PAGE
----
Multifamily Permits Recover in May

Multifamily permits and starts bumped back up again in May, after taking a tumble in April.

Multifamily permitting totaled 434,000 units on a seasonally adjusted annual basis in May, the best annual rate since January. That number was up 18.3% from the dive the market took in April but was still down 8.4% from last year. By comparison, annual multifamily permitting has averaged about 440,000 units since 2015 but stepped up to average closer to 467,000 units over the past 12 months.

Starts of multifamily units, which are more volatile than permits, were up to 291,000 units in May, registering at about two-thirds the previous 12-month average. That number jumped 16.9% since April but remained 33.1% below the May 2019 figure. Multifamily starts have averaged close to 378,000 units annually since 2015, but, like permits, have escalated to average 420,000 units in the past 12 months.

The variance between annual multifamily permits and starts in the same month is typically about 40,000-50,000 more units permitted than started. In May, the difference was 143,000 units, indicating that the COVID-19 pandemic is slowing the pace of new construction for apartments, though developers are still optimistic of the future.

Single-family permits followed the same pattern, climbing 11.9% in May, but remaining 9.9% below levels from the previous year. At 745,000 units, single-family permits are down from the nearly one-million-unit pace set a few months ago but were about even with the late-2016 showing.

Single-family starts were below economist’s estimates and virtually unchanged from April (+0.1%), however, they were down sharply (-17.8%) from May 2019. The annual rate for single-family starts of 675,000 units in May is about where it should be when considering the typical difference of around 74,000 units between single-family permits and starts.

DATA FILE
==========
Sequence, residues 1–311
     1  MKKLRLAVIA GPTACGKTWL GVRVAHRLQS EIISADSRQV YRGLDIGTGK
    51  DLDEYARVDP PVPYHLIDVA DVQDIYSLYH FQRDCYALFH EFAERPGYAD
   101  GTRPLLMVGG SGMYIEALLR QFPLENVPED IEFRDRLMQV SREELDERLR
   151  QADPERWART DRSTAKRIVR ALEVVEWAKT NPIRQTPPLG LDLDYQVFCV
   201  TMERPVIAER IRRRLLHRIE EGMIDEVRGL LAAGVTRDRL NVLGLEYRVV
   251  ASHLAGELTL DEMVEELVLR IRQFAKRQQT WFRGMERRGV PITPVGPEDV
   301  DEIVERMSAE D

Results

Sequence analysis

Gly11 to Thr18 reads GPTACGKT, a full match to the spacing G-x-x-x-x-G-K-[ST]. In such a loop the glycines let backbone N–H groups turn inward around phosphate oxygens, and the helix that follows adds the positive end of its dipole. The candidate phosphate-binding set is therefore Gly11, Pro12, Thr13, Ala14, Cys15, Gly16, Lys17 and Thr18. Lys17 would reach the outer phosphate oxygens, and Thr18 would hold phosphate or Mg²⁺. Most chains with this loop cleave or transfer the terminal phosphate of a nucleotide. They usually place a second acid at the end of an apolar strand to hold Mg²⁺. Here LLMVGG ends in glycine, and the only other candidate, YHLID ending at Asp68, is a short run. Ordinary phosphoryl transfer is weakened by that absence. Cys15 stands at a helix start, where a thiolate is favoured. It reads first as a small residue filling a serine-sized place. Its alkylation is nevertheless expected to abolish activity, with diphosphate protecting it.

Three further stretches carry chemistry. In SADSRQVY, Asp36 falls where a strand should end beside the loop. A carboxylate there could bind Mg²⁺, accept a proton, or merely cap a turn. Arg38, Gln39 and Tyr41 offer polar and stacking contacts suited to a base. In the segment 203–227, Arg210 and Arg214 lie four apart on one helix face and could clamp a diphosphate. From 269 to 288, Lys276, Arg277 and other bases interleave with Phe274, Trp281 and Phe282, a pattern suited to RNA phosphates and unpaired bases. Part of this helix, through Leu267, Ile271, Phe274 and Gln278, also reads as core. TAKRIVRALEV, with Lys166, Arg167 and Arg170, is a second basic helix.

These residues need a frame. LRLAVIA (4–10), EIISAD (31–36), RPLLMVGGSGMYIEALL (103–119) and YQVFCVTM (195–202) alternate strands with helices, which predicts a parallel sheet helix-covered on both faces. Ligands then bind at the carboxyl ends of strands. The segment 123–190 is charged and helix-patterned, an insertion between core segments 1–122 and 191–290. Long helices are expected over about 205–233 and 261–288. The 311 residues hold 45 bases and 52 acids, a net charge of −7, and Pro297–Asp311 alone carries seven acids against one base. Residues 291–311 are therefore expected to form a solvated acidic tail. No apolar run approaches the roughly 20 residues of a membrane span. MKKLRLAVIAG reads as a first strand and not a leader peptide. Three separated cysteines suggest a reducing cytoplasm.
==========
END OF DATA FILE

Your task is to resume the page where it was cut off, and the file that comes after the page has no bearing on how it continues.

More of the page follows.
Total residential building permits were up 14.4% from April, while starts were up 4.3% from last month. Starts were a bit softer than expectations, but they generally lag permits overall. Compared to May of 2019, total permits were down by 8.8% while starts fell a more significant 23.2%.

Multifamily permitting was down in two regions compared to one year ago. Approvals in the South were down 6.8% to 218,000 units, while permits in the West fell a sizable 23.4% to 108,000 units. The smaller Northeast region had 17.9% more multifamily permits approved than the year before, totaling 53,000 units, while the Midwest region was virtually unchanged (+1.8%) with 56,000 units permitted. Three of the four regions are permitting at levels head of their 12-month averages. Meanwhile, the West region is right in line with its typical pace.

As with permits, multifamily starts were down in two regions. Starts in both the South (97,000 units) and Northeast (15,000 units) in May were at less than half of what they were a year ago. On the other hand, the West was little changed from one year ago (+1.5%/132,000 units) and the Midwest started 47,000 units in the year-ending May 2020, a 6.8% increase.

At the metro level, multifamily building permit totals for April will not reflect the same amount of change as in the national data series since the metro data is unadjusted. All top 10 permitting markets returned to the list from April and in the same order.